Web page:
• Defined resource boundaries and land use categories (customary use, bio-cultural heritage sites, legal) using GIS applications (GPS, ArcGIS, ERDAS);
  • Status of existing community rights on the resources under national and state legal frameworks;
  • Statutory and traditional local governance structures and community based monitoring mechanisms;
  • Community’s ABS rights and their expectations from outsiders;
  • Free and Prior Informed Consent and Mutually Agreed Terms; (While entering into a contract with a third party, a community may want to present it’s research priorities, the types of benefits the it may want to secure, it’s terms and conditions under which it would negotiate with potential commercial and non-commercial stakeholders, and the procedures relating to providing their Free and Prior Informed Consent (FPIC). These terms and conditions are known as Mutually Agreed Terms (MAT), which are negotiated in an inclusive manner between the community and the third party wanting access to their resources and TK.);
  • Arbitration and penalty clauses for ABS as per the national legal framework. After experts drafted the BCPs, the local community members, heads of local governance institutions and the State Biodiversity Board vetted them. After incorporating the comments from all the stakeholders, the BCPs were finalized and published, with copies sent to the local communities, their apex bodies and the State Biodiversity Board.
Key lessons learned: 

BCP’s provide a platform for expanding and establishing institutional and market linkages to a local community that may be isolated due to its unique language, culture and traditions. Preparing BCPs for the local communities provided a reflection on the inter-connectedness of various aspects of community’s ways of life, such as their historic evolution, unique cultural facets, various customary laws and customary practices relating to Natural Resource management and traditional governance structure. Documenting biocultural heritage highlights that community’s customary laws and practices are based on certain principals of reciprocity and equality that helps them manage the natural resources in a sustainable way.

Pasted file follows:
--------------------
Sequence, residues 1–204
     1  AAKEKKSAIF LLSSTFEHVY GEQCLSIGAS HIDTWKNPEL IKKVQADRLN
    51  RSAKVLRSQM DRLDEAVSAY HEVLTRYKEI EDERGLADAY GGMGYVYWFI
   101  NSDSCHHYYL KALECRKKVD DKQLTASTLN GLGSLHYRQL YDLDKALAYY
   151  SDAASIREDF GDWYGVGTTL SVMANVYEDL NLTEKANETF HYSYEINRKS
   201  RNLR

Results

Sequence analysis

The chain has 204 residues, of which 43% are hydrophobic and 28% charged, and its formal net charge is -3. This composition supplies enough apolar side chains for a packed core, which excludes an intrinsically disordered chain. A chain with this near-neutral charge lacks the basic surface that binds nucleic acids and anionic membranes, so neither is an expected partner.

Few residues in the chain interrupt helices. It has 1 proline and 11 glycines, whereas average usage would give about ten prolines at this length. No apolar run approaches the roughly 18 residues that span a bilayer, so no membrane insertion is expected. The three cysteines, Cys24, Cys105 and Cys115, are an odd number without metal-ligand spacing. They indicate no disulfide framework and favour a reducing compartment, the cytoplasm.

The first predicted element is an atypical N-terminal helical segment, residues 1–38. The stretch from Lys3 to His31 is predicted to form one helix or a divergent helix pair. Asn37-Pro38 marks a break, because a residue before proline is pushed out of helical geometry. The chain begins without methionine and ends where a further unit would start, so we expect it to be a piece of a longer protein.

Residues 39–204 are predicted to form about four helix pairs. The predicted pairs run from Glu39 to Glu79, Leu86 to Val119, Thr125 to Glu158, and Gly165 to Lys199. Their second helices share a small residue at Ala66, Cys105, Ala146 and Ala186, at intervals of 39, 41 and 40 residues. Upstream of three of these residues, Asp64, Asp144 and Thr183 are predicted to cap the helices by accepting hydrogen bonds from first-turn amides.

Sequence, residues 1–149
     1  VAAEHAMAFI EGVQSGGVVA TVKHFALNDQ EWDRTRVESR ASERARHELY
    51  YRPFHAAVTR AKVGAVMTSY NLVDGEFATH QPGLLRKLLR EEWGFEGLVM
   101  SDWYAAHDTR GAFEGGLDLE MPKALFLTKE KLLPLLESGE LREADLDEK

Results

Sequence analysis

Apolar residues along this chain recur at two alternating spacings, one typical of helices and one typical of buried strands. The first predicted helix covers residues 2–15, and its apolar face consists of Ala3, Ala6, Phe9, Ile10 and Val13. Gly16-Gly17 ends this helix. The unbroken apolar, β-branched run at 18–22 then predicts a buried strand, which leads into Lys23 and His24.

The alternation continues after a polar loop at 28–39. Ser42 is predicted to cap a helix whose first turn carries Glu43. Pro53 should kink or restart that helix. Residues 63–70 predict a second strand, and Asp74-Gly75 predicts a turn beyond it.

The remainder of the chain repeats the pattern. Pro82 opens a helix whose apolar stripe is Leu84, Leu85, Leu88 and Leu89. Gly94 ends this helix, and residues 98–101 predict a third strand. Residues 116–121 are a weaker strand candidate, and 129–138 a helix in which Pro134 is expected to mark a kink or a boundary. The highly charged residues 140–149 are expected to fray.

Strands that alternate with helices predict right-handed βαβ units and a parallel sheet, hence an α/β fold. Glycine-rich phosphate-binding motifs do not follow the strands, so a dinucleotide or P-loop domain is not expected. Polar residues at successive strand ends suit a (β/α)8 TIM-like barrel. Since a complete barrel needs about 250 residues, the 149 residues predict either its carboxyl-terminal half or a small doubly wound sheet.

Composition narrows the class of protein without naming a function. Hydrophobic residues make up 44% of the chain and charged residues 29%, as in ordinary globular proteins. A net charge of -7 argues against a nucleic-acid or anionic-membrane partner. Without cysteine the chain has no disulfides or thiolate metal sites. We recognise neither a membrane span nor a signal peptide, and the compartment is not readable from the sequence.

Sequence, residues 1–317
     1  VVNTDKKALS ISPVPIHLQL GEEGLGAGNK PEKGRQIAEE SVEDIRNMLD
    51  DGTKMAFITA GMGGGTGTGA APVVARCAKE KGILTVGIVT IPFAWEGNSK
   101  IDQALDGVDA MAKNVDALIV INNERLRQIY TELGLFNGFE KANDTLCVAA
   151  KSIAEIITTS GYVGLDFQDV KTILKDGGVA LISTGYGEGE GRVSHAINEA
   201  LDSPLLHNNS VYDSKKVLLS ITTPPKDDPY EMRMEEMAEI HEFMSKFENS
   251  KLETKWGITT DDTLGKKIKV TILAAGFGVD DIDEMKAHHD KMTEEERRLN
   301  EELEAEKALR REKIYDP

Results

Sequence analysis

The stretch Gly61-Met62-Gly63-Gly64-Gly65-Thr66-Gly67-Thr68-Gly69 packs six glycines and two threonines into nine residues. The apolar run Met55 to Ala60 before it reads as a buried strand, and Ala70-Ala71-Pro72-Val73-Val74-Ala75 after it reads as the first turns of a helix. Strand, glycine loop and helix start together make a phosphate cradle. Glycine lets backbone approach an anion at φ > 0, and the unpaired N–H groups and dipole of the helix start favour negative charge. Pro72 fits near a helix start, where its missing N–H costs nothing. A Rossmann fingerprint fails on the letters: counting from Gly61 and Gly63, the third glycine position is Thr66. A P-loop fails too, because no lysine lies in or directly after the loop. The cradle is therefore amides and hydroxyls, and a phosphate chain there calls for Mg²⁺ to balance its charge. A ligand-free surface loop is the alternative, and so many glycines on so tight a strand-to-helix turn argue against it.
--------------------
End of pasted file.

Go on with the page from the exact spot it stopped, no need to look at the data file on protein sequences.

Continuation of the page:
One of the major challenges was the ambiguity among the local communities regarding their territorial jurisdiction and legal rights on the natural resources. Participatory Rural Appraisal tools are an excellent way to connect with and collect information from the local communities.

Communities are better placed to determine for themselves on how to negotiate with a variety of actors after they have considered the interconnections of their land rights, current socio-economic situation, environmental concerns, customary laws and Traditional Knowledge. By drawing on international and national laws that call for FPIC to carry out development activities on community land or to use their traditional knowledge, communities can ensure that any intervention is undertaken according to their customary laws and sustainable customary practices. This also creates incentives for local communities to conserve biological diversity and provides for an alternate source of livelihood.